Nora Learns ‘How to Cat’ on Black Goat Farm
When Nora reached one month old, she began interacting with the other kitties on the farm after a long quarantine for parasites. Fortunately, after weeks of sleepless nights, Mostacci and her husband no longer needed to offer overnight feedings.
Now, it was time for Nora to learn about “how to cat” from the other foster cats and kittens. With no littermates to learn from, she would begin to socialize and learn how to behave. It’s one reason why it’s often better to adopt kittens in pairs.
“Solo, hand raised kittens have the potential to become very spoiled and have no boundaries. Many don’t regulate play due to the lack of littermates to learn appropriate play from,” Mostacci explained.
Below, Nora meets Walter, the tuxedo cat, taking over his hidey-hole.”
“Nora spotted Walter in one of his fav spots. As soon as he left, she took over. He wasn’t too sure what to think when he returned, but he let Nora stay in the hidey house. Nora has come so far from the ice-cold, maggot-covered little newborn that was brought here late one night. Weeks of sleepless nights – well worth it ❤️”
Nora Grows into a Cutie
At four months old, Nora had grown into a beautiful little cat. While she grew up, the couple had to recover from COVID infections, recovering as volunteers helped around the farm.
“Today, I was looking and Nora and realized how grown up she seems 🥺.”
“This little lady is just about 4 months old. It’s hard to believe how many days and nights were spent feeding her every 2 hours around the clock.”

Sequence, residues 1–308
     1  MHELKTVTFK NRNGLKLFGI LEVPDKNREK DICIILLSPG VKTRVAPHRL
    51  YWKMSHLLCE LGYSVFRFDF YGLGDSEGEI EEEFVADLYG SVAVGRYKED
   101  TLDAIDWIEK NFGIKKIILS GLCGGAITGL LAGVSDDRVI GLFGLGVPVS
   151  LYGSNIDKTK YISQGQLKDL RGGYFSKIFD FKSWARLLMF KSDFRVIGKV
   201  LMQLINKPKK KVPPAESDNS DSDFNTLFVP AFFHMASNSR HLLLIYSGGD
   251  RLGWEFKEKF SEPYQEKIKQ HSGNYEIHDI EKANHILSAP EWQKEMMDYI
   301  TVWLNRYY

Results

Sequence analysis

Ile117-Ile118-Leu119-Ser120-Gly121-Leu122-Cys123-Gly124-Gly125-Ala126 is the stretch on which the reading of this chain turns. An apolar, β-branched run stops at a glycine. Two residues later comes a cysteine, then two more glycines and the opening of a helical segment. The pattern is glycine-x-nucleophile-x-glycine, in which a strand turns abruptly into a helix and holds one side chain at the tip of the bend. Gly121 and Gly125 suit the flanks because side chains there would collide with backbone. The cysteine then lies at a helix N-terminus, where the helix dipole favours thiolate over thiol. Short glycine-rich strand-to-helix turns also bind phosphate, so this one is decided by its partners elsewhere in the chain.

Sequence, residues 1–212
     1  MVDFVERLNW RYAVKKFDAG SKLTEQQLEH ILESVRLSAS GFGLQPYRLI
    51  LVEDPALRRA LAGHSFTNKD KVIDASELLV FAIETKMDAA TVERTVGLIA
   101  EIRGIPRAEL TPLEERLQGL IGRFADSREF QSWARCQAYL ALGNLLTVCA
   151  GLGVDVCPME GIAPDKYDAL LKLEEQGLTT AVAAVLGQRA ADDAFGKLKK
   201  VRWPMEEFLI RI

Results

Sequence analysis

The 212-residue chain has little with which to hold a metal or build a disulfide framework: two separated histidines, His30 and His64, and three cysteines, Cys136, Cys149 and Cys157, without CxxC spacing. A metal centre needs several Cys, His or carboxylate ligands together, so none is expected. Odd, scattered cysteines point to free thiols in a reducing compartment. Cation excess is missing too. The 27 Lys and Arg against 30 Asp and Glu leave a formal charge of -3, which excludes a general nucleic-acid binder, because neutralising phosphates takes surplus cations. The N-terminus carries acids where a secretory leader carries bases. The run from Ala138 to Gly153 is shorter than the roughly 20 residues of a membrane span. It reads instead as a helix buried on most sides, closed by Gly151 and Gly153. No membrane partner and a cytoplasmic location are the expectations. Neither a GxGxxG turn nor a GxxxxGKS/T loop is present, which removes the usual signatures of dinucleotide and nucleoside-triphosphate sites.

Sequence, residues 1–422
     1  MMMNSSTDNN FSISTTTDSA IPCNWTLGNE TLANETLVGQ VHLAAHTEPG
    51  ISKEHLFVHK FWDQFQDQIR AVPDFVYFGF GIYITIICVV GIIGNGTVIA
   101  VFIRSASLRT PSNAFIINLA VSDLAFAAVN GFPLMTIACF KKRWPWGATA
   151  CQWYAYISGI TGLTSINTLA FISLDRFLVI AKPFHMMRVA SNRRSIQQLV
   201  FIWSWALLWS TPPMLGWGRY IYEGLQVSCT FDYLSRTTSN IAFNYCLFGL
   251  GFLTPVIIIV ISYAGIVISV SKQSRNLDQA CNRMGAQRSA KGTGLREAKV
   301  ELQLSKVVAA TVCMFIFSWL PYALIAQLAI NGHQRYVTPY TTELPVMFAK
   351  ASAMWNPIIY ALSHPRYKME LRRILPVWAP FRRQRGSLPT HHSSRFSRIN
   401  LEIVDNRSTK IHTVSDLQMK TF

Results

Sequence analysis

Thanks to Black Goat Sanctuary, Nora will have a chance for a long, happy life.
The Story of Black Goat Farm and Sanctuary
Megan Mostacci and Mike Peddle started the sanctuary after finding the struggling baby goat at a small-town auction. After taking Totes home, they wanted to help other farm animals who don’t have legal protection like domestic animals.
“Each and every one has a name and a story,” their website states. In the beginning, a little black goat named “OG Totes” or “origina goat” started it all six years ago.
After saving Totes, he grew into a huge, “majestic” goat.
“Totes is one of the most majestic souls I’ve met. He is the poster child for tall, dark, and handsome. He totally knows it too,” they write.
After that, they began saving many other animals. When visitors arrive, they are surprised by how much they behave like friendly puppies.
“People are quite surprised when they come here and meet them. They say they are just like dogs,” said Mostacci. “I guess our perspective really changed quickly,” said Peddle. “You see no distinction between them and a household pet.”
Although these farm animals would generally be seen as commodities by many, the sanctuary recognizes and respects that they deserve a better quality of life.
“Whether they are here or somewhere else, they just need to be treated better, because they deserve it,” Peddle says.
Below you can see more about the Black Goat Sanctuary via CBC Life: